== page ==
Getting Aero – 2 Success Strategies

Summit Cycle Coaching

Aerodynamics are Key

It’s no secret anymore, if you aren’t paying attention to your aerodynamics, you are leaving big gains on the table. If you are in an event where time/speed is the deciding factor, you need to look at this.

I work with a few Time Trialists and Triathletes, and there is no way to ignore how important this is. In the picture on the left, I’m aero testing my hands a little higher than usual. It’s at an outdoor velodrome on a nice still day, found a few gains that day…but this position wasn’t faster than my normal position with hands about 4 cm lower (normal position is in the photos adjacent to strategy 1).

The reason getting aero is so important in cycling is because of the speeds involved. You’re going pretty fast in a TT and because aerodynamic drag increases at speed cubed, the faster you go, the less impact small increases in watts will have and the more impact aero drag will make. We spend so much time and effort increasing the power we put into the bike, and that important too, but we need to look at the other side of the equation also.

Dan Bigham, who is probably the best-known aero expert out there, has spent most of his time looking at this problem from the other side of the equation…the energy outside. This includes aero drag, friction, drive train losses, rolling resistance, etc. With aero being the biggest of these. And since over 80% of that drag comes from you, the rider, your position on the bike is where some really big gains can be found.

How to get FASTER!!

It’s a 3D puzzle; you are trying to reduce the drag the air has on you as you pass through it, so it’s tough to see!! People tend to focus on the front end, worrying about how they are punching the hole in the air. However, the wake you leave behind is also significant and is less easy to deal with.

There are 2 strategies available to most people:

  1. Looking at photo’s and video’s
  2. Testing things out on the bike

Summit Cycle Coaching

Summit Cycle Coaching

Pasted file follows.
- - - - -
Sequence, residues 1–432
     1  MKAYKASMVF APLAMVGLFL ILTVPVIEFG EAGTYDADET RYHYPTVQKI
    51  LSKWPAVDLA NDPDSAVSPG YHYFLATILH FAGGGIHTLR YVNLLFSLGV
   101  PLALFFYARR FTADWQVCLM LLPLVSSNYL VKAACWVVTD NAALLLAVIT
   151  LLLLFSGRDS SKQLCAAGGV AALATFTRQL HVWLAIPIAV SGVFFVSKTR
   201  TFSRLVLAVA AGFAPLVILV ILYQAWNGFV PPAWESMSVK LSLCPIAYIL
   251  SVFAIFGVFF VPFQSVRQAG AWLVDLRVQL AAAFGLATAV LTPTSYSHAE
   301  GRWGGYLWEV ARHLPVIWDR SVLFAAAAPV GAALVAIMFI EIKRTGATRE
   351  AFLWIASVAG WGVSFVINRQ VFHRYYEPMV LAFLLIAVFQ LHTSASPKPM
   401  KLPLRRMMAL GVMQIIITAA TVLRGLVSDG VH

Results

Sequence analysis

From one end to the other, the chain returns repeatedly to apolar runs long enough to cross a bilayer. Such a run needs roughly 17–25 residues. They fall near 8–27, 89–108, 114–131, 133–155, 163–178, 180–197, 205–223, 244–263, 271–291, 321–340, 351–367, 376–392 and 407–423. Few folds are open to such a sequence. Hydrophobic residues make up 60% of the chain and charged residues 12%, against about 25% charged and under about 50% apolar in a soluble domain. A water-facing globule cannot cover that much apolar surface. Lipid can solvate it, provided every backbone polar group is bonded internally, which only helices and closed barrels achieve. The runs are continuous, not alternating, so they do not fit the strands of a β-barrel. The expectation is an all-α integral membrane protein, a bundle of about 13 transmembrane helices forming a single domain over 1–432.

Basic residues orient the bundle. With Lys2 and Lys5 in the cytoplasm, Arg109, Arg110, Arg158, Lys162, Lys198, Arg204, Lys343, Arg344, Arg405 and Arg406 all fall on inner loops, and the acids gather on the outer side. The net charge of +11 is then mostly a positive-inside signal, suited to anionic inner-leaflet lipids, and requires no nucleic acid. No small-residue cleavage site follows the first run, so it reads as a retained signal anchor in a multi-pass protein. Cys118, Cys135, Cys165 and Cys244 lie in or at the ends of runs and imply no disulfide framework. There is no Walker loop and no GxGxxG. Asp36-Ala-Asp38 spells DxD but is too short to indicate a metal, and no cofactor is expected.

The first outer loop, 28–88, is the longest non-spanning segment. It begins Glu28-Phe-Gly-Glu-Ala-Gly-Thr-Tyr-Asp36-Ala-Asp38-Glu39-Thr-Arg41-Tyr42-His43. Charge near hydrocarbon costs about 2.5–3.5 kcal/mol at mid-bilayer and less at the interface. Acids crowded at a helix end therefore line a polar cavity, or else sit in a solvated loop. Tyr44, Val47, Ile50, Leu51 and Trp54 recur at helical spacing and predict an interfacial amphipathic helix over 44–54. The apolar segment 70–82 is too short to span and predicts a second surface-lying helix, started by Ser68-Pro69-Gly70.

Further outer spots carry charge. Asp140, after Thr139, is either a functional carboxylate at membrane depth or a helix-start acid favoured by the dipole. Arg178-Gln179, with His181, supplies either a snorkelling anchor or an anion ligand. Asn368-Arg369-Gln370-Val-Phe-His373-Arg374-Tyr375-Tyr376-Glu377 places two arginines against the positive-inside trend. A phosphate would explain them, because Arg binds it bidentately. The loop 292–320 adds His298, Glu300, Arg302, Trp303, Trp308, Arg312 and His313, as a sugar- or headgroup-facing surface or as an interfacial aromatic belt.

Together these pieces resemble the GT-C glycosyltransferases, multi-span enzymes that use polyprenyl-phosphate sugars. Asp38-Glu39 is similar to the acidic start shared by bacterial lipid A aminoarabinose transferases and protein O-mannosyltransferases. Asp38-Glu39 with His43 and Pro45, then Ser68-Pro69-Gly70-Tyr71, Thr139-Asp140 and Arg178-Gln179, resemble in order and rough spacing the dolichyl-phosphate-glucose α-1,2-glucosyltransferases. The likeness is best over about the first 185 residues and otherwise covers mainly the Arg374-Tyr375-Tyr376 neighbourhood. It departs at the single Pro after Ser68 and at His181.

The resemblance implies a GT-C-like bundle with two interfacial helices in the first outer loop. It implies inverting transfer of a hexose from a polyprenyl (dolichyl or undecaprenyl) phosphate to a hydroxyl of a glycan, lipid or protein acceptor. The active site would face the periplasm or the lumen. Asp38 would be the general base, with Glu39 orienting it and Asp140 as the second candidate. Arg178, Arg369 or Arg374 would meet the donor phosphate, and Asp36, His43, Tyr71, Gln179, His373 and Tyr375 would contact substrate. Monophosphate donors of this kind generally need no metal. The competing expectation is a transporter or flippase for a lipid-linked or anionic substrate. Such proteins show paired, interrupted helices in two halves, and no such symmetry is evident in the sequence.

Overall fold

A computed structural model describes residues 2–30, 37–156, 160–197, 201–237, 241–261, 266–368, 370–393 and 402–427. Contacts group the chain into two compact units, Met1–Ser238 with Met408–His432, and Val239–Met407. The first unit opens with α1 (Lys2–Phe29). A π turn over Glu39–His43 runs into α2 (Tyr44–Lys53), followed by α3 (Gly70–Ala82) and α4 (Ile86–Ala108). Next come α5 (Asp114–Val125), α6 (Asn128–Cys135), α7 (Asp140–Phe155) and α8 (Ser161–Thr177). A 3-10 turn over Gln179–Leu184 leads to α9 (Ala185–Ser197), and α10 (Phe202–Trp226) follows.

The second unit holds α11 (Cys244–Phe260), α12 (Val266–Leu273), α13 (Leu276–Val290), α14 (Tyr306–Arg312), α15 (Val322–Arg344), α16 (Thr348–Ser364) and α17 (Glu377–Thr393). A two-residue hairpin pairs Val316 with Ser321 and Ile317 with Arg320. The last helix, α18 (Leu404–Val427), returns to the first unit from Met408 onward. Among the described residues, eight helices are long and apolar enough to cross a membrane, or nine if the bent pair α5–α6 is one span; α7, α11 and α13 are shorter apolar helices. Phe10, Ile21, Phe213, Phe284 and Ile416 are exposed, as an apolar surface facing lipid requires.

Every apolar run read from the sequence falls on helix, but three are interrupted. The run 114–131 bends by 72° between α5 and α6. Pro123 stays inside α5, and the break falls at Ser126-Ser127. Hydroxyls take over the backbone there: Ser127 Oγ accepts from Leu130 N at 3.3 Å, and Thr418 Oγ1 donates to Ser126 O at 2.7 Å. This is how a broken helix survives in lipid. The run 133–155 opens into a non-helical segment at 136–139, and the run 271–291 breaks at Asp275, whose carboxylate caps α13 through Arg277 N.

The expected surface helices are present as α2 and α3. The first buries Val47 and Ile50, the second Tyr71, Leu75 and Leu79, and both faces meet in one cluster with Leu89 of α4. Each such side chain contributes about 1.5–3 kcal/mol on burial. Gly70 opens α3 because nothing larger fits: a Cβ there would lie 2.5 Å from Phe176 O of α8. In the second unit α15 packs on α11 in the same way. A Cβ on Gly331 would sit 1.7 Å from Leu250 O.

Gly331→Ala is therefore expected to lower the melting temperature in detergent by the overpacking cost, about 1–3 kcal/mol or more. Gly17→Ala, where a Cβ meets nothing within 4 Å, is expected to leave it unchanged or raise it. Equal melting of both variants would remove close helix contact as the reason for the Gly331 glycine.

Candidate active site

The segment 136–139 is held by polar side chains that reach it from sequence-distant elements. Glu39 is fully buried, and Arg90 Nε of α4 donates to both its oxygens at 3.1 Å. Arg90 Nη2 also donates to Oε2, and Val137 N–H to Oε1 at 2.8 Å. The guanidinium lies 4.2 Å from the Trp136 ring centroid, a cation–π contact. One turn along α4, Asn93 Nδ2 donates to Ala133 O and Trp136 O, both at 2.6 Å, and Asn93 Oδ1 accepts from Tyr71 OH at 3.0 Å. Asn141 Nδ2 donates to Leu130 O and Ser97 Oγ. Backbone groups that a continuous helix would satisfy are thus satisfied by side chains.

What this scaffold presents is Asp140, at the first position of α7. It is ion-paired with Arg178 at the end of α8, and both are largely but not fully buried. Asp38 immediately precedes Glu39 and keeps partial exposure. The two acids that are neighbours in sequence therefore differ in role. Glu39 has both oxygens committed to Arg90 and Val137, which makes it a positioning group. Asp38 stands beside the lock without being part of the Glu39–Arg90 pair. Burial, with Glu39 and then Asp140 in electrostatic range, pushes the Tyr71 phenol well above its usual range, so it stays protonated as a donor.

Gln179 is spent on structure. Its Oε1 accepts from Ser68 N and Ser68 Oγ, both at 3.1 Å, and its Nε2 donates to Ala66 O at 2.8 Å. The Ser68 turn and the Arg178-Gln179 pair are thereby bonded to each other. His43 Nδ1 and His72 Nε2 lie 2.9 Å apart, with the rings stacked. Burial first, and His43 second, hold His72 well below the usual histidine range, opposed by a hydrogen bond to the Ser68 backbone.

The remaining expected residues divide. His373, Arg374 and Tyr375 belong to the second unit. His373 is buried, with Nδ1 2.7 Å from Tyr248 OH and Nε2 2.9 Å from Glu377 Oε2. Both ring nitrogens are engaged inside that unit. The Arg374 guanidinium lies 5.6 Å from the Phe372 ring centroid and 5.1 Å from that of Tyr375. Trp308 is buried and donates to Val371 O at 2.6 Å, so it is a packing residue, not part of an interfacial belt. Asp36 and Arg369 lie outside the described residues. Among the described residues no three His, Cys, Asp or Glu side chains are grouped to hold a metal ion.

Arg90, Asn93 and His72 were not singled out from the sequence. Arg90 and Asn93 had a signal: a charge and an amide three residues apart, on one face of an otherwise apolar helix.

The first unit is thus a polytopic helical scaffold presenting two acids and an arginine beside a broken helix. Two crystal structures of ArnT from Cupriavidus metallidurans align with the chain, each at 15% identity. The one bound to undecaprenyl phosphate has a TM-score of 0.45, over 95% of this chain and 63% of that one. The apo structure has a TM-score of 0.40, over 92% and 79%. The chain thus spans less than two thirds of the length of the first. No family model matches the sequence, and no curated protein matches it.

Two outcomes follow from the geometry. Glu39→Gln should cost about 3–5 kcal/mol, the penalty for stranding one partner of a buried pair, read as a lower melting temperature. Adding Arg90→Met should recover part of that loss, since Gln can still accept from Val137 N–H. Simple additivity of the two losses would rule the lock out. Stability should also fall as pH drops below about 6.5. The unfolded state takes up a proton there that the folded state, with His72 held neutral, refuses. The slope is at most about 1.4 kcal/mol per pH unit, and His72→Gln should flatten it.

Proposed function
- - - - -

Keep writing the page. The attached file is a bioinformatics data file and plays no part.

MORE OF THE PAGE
summit Cycle Coaching

Strategy 1 – Photos and Videos

Whether on the turbo, out on the bike or from races, there is some value in reviewing photos and videos. I see a lot of people asking the good folk on Facebook what they think of their position and asking for advice. There’s definitely good and bad advice handed out!! But I think when starting out or reviewing fairly big things, looking at photos or videos is not a bad place to start.

When you first try and think about your position, there’s probably a fair bit of low-hanging fruit that allows these gains to be made from a simple review. Also, I’ve used this to see if I maintain my position during harder efforts when I’m at my limit. Pictures from races are good for that too. I sometimes see a picture from a TT and realise I’m not in the position I’m supposed to be, so there’s work to be done…gains to be made!

I will say this strategy is, ultimately, extremely limited in its scope. Though you pick off some easy and obvious stuff, and you can learn a lot from race photos. After that, you are going to struggle. Because cycling aero is such a tricky problem with so many influences, you will need to use strategy 2 for things like helmet and skinsuit selection and which hand/bar position is faster…there’s just no way to tell from a picture or video for the finer details.

Strategy 2 – Real World Testing

There’s really no substitute for testing.